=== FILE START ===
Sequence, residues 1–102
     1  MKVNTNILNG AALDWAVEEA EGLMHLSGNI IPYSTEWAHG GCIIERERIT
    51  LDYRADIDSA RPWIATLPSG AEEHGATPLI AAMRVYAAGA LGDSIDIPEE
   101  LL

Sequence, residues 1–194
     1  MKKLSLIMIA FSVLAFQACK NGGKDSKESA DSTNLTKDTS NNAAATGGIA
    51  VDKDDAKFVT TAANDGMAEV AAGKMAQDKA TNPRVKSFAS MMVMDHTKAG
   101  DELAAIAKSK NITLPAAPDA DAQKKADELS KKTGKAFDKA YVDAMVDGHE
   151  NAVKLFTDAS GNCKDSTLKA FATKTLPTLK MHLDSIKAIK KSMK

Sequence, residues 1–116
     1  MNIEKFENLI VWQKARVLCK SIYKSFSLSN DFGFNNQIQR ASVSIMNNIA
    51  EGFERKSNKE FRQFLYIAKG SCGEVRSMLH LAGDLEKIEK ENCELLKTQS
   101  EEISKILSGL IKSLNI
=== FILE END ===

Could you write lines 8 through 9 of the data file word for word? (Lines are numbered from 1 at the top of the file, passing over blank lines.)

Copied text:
   101  DELAAIAKSK NITLPAAPDA DAQKKADELS KKTGKAFDKA YVDAMVDGHE
   151  NAVKLFTDAS GNCKDSTLKA FATKTLPTLK MHLDSIKAIK KSMK